In case you haven't noticed, rainbows are everywhere these days and I. Am. Loving. It. They're expressions of joy and happiness and fun and rejoicing and promise, and I love all of those things. Like, a lot.
After hanging two floating shelves (which I found in my basement, holler!!) in Sunny's nursery several weeks ago, I just felt like they were missing something. And like most good ideas, it hit me while in the shower one afternoon, "Rainbows! Clay rainbows. Just one. No, three! No! A family of four rainbows. Our family in RAINBOWS!!" 😂
I adore DIY projects that are easy to make yet also have a ton of personality and character. And this little project checks all of those boxes. Air drying clay that you can pick up on your next Target run, by the way, is the perfect medium for this project because it's incredibly easy to use. Think PlayDoh for grownups that air dries into cool things.
Crayola Air Dry Clay
White Acrylic Paint (not pictured)
3-5 Acrylic paints in coordinating colors
Step One: Open your air dry clay and divide into the number of rainbows you want. (I made four, one for each member of our family.) I knew, roughly, how large I wanted my biggest rainbow to be, so I started with that one. I shaped the biggest ball of clay into a rough circle and then flattened the bottom by pushing it against the counter, and then rounded out the rest to look like a rainbow. I did this for all four balls of clay, with each following one getting smaller in size. Not one of my four rainbows is the same shape or perfectly smooth. You can see my fingerprints and some rough edges on them, and I am okay with that.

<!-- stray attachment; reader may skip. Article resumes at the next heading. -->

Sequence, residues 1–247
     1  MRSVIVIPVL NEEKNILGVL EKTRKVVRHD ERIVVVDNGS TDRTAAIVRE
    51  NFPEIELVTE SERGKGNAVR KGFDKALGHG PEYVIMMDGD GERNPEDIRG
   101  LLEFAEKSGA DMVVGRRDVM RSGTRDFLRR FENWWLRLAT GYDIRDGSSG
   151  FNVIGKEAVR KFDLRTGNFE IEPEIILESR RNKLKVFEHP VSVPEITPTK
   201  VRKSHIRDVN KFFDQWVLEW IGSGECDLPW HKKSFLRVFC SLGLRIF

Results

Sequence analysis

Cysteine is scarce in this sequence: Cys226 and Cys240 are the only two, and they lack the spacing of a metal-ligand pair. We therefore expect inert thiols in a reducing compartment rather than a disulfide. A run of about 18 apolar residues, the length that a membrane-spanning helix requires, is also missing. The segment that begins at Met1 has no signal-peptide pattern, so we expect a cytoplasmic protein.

Step Two: Let rainbows air dry completely. This will vary based on their size and thickness, but generally, 2-3 days will do the trick. I let my rainbows dry for four days because I wanted to be on the safe side, and wasn't in a hurry.
Step Three: Paint all sides of your rainbows white, and let dry completely. One coat of paint was enough for me because it covered some of the little cracks and creases and brightened them up.
Step Four: Choose a color of paint and add your first stripe. Let dry. And repeat. Over and over and over. I rotated all of the colors on my rainbows to be different for each person. TJ's started with blue as the largest stripe, whereas mine was yellow, June's was pink, and Sunny's was lavender.
Step Five: Once your little rainbow family is completely dry, add them to your favorite bookshelf, windowsill or ledge for a little bit of joy and happiness.
Be sure tag me on Instagram if you make these because I'd love to see how your rainbows turn out! @walkinlove @brookecourtney